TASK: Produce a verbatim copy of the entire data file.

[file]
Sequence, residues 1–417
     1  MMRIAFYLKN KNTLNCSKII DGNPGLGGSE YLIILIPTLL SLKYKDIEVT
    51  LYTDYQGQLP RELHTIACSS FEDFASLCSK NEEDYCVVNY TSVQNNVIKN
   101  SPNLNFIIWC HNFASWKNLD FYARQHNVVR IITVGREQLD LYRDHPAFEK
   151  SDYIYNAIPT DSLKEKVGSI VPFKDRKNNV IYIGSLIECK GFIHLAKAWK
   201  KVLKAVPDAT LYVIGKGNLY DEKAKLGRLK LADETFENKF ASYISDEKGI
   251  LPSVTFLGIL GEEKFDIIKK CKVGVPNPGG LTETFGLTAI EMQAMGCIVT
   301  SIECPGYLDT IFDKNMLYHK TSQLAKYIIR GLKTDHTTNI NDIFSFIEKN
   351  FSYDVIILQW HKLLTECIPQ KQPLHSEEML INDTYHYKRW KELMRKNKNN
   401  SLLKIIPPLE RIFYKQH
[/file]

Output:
Sequence, residues 1–417
     1  MMRIAFYLKN KNTLNCSKII DGNPGLGGSE YLIILIPTLL SLKYKDIEVT
    51  LYTDYQGQLP RELHTIACSS FEDFASLCSK NEEDYCVVNY TSVQNNVIKN
   101  SPNLNFIIWC HNFASWKNLD FYARQHNVVR IITVGREQLD LYRDHPAFEK
   151  SDYIYNAIPT DSLKEKVGSI VPFKDRKNNV IYIGSLIECK GFIHLAKAWK
   201  KVLKAVPDAT LYVIGKGNLY DEKAKLGRLK LADETFENKF ASYISDEKGI
   251  LPSVTFLGIL GEEKFDIIKK CKVGVPNPGG LTETFGLTAI EMQAMGCIVT
   301  SIECPGYLDT IFDKNMLYHK TSQLAKYIIR GLKTDHTTNI NDIFSFIEKN
   351  FSYDVIILQW HKLLTECIPQ KQPLHSEEML INDTYHYKRW KELMRKNKNN
   401  SLLKIIPPLE RIFYKQH